em of Iron frame.' for beds nnd coU
nnd manufacturers of chemicals. Kloc
trie devices of tho sort aro employed
for bilking effervescent sails, nnd for i
drying a largo variety of products re
quiring well-regulated bent nnd clean
air In thu oven Itself.
When you erect n Silo, you wmit a Silo Unit will
stand the test of wind, rain, snow, frost nnd sun.
In the Hollow Concrete Silo Block you ohtnin this
feature, and besides a concrete' block is absolutely
fire-proof. Will not warp when empty. No guy
1 lines necessary.
Why Not Now?
For specifications, write to
Concrete Pipe Co.
Makers of Culvert Pipe, Water Pipe, Irrigation
Pipe, Building Blocks, Hollow Silo Blocks
,.,;,, ittiiiiiiiiiiiiiiiiuiiiiiiiniiiiiiut iiiiiiiiin!iiuimiiititiiimtiii:iiiiiitiui!i:i;t:iiiiinii:iiiiiittitiiiiiiitiii:uuitii7
Same price for Butter Fat f. o. b. Bend
ns is paid f. o. b. l'ovlland,
Central Oregon Farmers Creamery
Tho ermine fur, with which wn nre
nil familiar, Is furnished by tho stoat,
n small animal of tlici weasel tribe.
The InUrrmtlnnnl Ormpmuttne
CfhiioU of llrrsntnn. rminlvnl,
flbrtnl lliclr twcnty.itvditli stinl
vtrury In Ddotwr, IMS, with n n
Killmml t uvcr 1,01)0,000 ttuiUnU,
TlimimmU nt tlin MuitvnU Imira Us
urp! In itollum mill rent Ilia ntlutt
vlu la llirm (it Hi inr momvnt
ilvutl to tlm tmty uf I.CJ.n, iNhnl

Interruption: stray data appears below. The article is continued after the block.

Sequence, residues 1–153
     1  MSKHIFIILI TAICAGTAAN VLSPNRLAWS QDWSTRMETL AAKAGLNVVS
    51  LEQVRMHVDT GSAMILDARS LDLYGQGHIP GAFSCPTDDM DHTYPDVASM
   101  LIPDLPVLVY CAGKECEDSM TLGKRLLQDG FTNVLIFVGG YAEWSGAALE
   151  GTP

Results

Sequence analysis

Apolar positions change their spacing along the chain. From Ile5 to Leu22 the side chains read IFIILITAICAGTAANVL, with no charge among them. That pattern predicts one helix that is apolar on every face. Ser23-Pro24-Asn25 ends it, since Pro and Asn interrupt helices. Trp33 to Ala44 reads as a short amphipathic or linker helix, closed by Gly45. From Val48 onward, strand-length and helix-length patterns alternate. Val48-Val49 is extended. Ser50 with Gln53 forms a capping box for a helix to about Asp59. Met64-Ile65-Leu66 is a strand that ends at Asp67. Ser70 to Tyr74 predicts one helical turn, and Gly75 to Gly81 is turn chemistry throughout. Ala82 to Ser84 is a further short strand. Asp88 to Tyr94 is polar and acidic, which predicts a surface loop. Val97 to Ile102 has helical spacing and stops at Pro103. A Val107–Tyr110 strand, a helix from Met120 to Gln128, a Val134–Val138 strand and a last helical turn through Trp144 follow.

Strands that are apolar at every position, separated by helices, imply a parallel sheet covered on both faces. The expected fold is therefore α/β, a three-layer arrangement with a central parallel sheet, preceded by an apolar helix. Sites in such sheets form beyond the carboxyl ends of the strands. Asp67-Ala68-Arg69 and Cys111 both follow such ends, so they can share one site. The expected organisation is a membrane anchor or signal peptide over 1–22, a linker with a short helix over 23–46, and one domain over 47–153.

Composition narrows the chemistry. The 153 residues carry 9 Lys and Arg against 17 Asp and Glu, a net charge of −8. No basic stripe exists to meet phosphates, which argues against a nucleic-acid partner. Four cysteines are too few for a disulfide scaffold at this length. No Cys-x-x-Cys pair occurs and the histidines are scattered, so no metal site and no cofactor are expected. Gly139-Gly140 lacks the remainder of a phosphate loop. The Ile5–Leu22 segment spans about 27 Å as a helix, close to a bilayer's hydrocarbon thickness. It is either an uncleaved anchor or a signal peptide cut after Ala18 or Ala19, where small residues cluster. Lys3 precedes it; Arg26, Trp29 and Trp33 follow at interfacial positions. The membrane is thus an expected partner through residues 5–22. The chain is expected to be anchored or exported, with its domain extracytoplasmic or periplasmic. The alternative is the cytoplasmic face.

ml Courtr III ntlir ulijrcta ruruln
from AiWtttUlwc nnl HulMtnunililii to
Asrlrultur sml Poultry lluilmmtry.
111,01 n hour Iim twn
lluril by rrntny r th
ttudtnli Ca h ranitmllra
tillmnU la lh,m at th lu
( h ir mmrnU unt
In ttuily af I. CD, CaarM.
lttKirl( an J7.000 tlrt IwUnU
how I Mill) now rrcrivlim II.AO0
rr nr iniri 2,411 rortlvlnu 12.500
nr inurai 413 rrrrWInir 11,00a or
mors i to rwrlvlnic 110,000 or moral
anil S wltli annual Iikumk of 131,000
In Hi lnly-vn jrrars of It
I. Intra Ilia 1.1' H. haa tlllfll fit ill
tlmr a many atmltnt aa llarranl il
In Ilia two liumlrol ami vrnly-atilit A
yrar alnca ICa orsanliallonl mora
tlian ten tlmr tli total nrollrntnt
uf Yule alnf It iloura awunii open
In 1101 1 mora than tlva tlm th
lolal iiiollninl ut all of lliw colloso.
iinUrrtlllc ami trrhnlral acliwit In
th llnllnl Hlatr rcmblnvl.
A Ullrr or it carrvl will trlnv
romuUI Information rinanllns th
aubjoct In which you ar Inttrxtxl.
,.-M HIT llM-
International Correspondence Schooli
Ilox 1010, Hcrnnton, i'n.
Kiplaln tally ! ywr Our In lh
ablxl ara4 Xl
CiM Kniln Opttatlnt
Mine rrrnan r Kncr.
Hallway Mall tlik